Before the advent of so many AIs today, I used to rely on the data from the Alphago teaching tool and spent some time researching Master 60 games. But the only messages on the teaching tool are far from enough to cope with the actual situations, and the options not shown out on the teaching tool are not that bad so that they are unnecessary to be known. I think google company may not want to reveal too much to us? So back to the OGS, my opinion is that instead of building a jeseki database, it is better to build a opening database which is more complete than the Alphago teaching tool. The depth of variarions is only needed to be about 20 moves or so. But the options should be as detailed as possible.
I think were open to including fuseki in the OSG “Joseki Explorer”, even though it doesn’t fit the name
We have a “tag” for identifying them so they can be filtered and searched specifically.
If you would like to contribute, please let me know.
Keep in mind that the more you hand-hold and “do the work” for beginners/learners, the worse off they are. AI analysis has actually been hurting reviews. I’ve seen so many people stagnate in their rank because they no longer review and just look at whatever top 3 moves the AI says to do (which are often completly wrong).
We always recommend doing problems and not memorizing joseki or life and death problems for a reason.
I guess we supply tools for a reason.
Whether people use them wisely or not is up to them.
I just tried Joseki Explorer. For example, the fuseki when the first two moves of black and white are both two stars, the blacks next move has only one option of sanrensei. I guess it should still be in the early stages of construction. I used to analyze my own kifus by AI, some impressions are still left in my mind. But I can’t remember the exact win rates for each move, which I think are essential references for making choices.
So my point is: Is it possible, or are you willing to let AI do the work of populating the database in Joseki Explorer? After all, filling the options with human hands is not only more inefficient, but will be limited by the different strength of each person.
I 100% disagree that winrates are how you should choose the opening moves. I honestly could not even begin to describe how much I disagree with you on everything you wrote.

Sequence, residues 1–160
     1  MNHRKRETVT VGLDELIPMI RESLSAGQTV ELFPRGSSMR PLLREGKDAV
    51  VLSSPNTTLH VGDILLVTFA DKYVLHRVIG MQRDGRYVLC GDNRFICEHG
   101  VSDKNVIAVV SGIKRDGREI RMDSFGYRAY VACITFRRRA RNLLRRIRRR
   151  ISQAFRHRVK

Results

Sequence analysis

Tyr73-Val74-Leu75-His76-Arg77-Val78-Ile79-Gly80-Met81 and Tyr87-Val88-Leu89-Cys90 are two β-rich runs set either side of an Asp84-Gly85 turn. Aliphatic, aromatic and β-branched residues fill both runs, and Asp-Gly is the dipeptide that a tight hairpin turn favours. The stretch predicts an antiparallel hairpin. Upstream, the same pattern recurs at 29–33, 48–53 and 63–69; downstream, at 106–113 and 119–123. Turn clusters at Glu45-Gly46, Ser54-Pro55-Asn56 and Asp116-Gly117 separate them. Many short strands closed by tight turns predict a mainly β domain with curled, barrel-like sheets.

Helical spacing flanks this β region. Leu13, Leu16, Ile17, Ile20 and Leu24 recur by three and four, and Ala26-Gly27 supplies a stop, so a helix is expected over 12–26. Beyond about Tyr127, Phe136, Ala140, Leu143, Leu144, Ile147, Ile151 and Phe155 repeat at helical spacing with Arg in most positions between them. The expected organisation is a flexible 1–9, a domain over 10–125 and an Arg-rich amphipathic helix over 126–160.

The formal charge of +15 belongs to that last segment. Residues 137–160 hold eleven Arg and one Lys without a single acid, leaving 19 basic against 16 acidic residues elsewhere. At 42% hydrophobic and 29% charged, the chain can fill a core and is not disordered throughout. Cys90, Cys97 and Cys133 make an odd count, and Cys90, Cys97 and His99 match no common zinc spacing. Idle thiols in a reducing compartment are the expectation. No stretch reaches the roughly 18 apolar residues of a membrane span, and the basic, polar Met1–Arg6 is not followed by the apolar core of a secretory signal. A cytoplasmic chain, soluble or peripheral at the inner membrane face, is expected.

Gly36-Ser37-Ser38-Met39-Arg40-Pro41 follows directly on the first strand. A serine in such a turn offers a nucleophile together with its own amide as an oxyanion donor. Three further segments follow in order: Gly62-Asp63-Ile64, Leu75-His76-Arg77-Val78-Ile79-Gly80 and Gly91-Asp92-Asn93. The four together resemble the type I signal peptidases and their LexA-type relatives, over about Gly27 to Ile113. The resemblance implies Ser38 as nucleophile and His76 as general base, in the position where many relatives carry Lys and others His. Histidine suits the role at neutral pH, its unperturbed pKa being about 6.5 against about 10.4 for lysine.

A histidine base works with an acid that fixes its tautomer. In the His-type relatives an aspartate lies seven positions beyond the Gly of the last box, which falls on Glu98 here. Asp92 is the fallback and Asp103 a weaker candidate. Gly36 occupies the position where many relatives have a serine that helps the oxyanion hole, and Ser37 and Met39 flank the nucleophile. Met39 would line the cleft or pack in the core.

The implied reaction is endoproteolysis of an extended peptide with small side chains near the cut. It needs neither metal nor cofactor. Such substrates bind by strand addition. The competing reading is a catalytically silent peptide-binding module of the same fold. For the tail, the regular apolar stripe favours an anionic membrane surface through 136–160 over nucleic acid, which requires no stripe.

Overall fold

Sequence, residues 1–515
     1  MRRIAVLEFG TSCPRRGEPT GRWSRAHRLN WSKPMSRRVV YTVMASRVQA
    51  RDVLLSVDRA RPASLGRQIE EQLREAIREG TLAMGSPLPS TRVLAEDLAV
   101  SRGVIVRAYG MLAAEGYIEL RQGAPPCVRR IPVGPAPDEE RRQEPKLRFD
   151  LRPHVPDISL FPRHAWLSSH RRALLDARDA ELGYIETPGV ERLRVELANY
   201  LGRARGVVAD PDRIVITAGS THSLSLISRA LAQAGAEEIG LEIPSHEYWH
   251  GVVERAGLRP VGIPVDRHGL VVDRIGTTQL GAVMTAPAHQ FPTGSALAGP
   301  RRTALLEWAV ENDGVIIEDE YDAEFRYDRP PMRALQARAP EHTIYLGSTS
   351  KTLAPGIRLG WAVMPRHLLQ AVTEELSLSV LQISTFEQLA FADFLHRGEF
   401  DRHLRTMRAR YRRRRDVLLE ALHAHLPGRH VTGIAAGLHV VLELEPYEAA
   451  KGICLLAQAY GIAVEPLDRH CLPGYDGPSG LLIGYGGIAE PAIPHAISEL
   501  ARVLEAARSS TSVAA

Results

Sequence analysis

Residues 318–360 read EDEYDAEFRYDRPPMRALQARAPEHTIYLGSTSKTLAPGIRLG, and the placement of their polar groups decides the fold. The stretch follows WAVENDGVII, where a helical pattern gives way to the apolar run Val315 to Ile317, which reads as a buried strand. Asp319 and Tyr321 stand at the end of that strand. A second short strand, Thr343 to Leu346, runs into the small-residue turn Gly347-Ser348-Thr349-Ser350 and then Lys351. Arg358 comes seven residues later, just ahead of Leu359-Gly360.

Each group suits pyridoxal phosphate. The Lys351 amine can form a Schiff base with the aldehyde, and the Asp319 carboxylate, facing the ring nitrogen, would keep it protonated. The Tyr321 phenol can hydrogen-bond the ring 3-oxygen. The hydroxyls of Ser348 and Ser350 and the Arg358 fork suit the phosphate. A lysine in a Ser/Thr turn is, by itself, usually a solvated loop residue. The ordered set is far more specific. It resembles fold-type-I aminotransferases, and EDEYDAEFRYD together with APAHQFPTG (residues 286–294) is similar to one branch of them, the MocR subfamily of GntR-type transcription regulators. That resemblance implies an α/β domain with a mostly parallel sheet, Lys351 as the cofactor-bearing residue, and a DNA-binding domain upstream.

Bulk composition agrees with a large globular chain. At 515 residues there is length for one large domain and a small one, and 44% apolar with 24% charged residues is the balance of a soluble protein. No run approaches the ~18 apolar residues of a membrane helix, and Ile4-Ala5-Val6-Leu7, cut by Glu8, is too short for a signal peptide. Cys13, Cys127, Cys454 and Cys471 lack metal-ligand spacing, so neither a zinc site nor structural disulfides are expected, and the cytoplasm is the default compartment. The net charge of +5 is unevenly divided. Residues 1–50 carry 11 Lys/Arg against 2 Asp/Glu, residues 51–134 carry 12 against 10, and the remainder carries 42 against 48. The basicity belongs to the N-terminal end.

AI is only partially useful, where it gives you new options for moves that you never considered before (which is what you get when you get a review by a human any way), or for the few moves where a large mistake is not obvious to you.
The extent to which, the situations in which, AI opinion should directly inform the Joseki Explorer has been a hot topic amongst the contributors.
I would welcome a wider discussion of that in a separate thread.
I can understand the will to keep the joseki database separated from AI suggestions. Now as someone who doesn’t own a good pc and a AI home, what I miss is not a more extended joseki database filled by AI suggestions.
What I miss is the “rewrite”" of opening analysis under the scrutiny of AI eyes. Let’s take this wonderful “Relentless” book (free download in “other resources” tab). This book has deep studies on many aspects of modern opening stage. I would be interested to confront and discuss them with the new eyes of AI and see indeed how solid is all this.
In some way, books and articles which proposed opening patterns and theory are very welcomed candidates for a check and new contributions given by AI. Even if I could get enough material to do it myself, I like to read the works of others and let them make me think on my way to play.
Have you watched Yeonwoo’s Classic Games with AI series?
I think I’ve watched a couple but not that game.
Also another nickname for Rin Kaiho - “Double twist” at ~2mins 34 seconds.